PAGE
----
By Madison Disney
Baltimore Watchdog Staff Writer
Baltimore County Executive Johnny Olszewski and County Councilman Julian Jones, D-4th District, introduced a new bill Tuesday designed to improve policing and promote equity in law enforcement across the county.
The Strengthening Modernization, Accountability Reform and Transparency (SMART) Policing Act would ban chokeholds, limit uses of excessive force, and strengthen de-escalation training in the Baltimore County Police Department.
“We have a responsibility to work towards a more just future,” Olszewski said during a press conference this morning.
Olszewski cited the murder of George Floyd in Minneapolis and the shooting of Jacob Blake in Wisconsin as examples of the institutional racism and lack of equity that have continued to be a problem across the country.
Olszewski and Jones said that the protests and marches they attended this summer taught them that the community is vocal in wanting change.
Jones said he planned to introduce the bill during the Baltimore County Council meeting today.
Miriam Sealock, a Towson University criminal justice professor, said legislation to improve how police departments are run is needed to address the very real inequities in arrest decision making.
“A fellow colleague and I investigated this issue from juvenile arrest records in the 50’s,” Sealock said. “We found that not only is gender-typing and arrest decision making based on race a huge issue, it’s an issue that continues to be notable in a variety of arrest cases. So, new policies like this are a step society should be taking, but there are still concerns of that being enough to make permanent change.”
The bill would require the police department to create policies that obligate officers to intervene to stop a fellow officer from using excessive force; provide protections for those who report misconduct in the department; and give officers at risk of engaging in excessive force additional training.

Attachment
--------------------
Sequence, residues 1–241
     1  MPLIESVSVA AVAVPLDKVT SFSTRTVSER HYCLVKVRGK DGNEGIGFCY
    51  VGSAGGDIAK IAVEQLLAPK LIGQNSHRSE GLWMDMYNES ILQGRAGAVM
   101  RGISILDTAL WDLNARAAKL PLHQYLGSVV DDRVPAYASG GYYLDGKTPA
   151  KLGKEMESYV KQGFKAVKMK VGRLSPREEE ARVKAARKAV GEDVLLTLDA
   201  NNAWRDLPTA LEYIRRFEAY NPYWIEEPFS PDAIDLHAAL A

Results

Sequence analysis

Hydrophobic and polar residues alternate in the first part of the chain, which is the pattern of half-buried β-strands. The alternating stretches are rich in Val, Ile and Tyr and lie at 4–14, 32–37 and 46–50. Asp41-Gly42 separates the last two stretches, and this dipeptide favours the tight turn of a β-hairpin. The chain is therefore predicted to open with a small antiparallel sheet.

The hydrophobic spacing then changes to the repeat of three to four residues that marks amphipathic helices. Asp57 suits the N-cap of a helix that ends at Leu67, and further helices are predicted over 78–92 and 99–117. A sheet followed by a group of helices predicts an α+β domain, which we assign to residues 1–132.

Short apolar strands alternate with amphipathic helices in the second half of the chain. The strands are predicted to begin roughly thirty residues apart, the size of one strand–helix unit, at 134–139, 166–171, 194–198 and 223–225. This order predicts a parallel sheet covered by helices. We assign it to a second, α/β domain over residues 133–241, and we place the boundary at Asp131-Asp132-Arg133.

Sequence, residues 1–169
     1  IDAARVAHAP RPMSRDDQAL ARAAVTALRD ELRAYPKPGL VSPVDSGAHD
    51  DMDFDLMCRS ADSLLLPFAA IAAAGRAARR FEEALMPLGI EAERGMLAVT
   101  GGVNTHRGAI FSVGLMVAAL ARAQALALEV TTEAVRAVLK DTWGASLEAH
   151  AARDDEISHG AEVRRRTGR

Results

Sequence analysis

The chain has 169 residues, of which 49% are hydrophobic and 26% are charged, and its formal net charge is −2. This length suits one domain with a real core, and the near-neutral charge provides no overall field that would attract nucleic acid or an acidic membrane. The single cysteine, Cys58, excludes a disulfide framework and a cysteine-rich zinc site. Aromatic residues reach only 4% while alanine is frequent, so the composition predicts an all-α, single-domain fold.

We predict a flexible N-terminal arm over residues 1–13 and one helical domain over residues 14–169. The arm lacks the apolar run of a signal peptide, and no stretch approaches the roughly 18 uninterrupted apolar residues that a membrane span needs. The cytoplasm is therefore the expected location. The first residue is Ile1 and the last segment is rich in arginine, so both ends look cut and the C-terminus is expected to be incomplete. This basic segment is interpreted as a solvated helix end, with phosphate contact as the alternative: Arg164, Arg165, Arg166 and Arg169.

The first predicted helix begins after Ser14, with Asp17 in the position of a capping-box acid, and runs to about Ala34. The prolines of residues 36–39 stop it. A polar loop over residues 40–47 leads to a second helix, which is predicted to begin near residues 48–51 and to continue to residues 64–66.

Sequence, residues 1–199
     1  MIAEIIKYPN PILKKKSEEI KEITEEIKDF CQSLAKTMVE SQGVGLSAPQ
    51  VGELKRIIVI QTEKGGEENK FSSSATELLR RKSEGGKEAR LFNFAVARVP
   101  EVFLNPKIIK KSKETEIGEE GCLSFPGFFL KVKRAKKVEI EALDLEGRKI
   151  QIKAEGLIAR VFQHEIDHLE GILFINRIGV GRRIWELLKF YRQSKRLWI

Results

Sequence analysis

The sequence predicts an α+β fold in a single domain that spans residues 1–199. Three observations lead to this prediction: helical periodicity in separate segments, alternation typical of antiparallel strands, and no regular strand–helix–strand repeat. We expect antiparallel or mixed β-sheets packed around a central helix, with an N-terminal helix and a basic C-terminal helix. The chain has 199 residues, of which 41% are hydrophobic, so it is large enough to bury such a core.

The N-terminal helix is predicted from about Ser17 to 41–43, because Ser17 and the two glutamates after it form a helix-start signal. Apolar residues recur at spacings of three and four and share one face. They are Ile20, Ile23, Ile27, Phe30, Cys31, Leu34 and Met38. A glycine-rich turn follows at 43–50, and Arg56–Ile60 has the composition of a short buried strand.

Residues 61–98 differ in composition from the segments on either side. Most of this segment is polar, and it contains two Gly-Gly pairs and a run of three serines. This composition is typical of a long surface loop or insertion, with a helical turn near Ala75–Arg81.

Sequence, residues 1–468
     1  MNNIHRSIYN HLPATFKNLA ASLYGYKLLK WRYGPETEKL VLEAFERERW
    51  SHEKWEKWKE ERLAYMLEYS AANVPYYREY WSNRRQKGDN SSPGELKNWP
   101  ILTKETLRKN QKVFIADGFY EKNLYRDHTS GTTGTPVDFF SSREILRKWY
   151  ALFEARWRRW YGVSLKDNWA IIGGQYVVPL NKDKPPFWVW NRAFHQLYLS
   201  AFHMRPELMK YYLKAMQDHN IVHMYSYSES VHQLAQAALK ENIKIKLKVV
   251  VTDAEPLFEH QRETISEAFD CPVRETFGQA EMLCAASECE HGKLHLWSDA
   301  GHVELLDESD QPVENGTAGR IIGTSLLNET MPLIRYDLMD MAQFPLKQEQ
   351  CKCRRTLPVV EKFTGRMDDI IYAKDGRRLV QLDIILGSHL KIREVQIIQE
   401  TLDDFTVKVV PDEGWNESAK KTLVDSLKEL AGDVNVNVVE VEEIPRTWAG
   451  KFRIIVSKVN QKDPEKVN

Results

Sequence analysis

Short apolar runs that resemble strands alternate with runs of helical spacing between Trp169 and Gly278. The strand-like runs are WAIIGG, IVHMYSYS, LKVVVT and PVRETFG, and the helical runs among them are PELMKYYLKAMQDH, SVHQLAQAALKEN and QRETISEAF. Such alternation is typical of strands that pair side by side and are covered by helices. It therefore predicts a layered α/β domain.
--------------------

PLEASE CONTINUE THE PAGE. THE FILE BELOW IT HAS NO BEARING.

Individuals from other law enforcement agencies who have prior disciplinary records would be banned from serving in the county’s police department under the bill. The proposal would also authorize the police chief to select up to two members of the public to serve on a police hearing board, and the legislation would make data on the use of force and police-involved shootings available to the public.
“Now is the time to act with urgency,” Jones said. “This is not an anti-police movement, but a way to make the existing police department better.”
The bill received a positive greeting from other council members, including David Marks R-5th District, Izzy Patoka, D-2nd District, Wade Kach, R-3rd District, and Tom Quirk, D-1st District.
“This is a critical time and we have a responsibility to do whatever we can to expand community-based policing, promote crime reduction, and build public trust across Baltimore Council,” Council Chair Cathy Bevins, D-6th District, said in a statement released by the county.
Olszewski said the bill reflects a changing culture in county government. He also emphasized the importance of making hiring decisions so that all government departments better reflect the diversity of the county.
He said using public data on complaints, uses of force and traffic stops will work to put an end to use of excessive force in lawful action.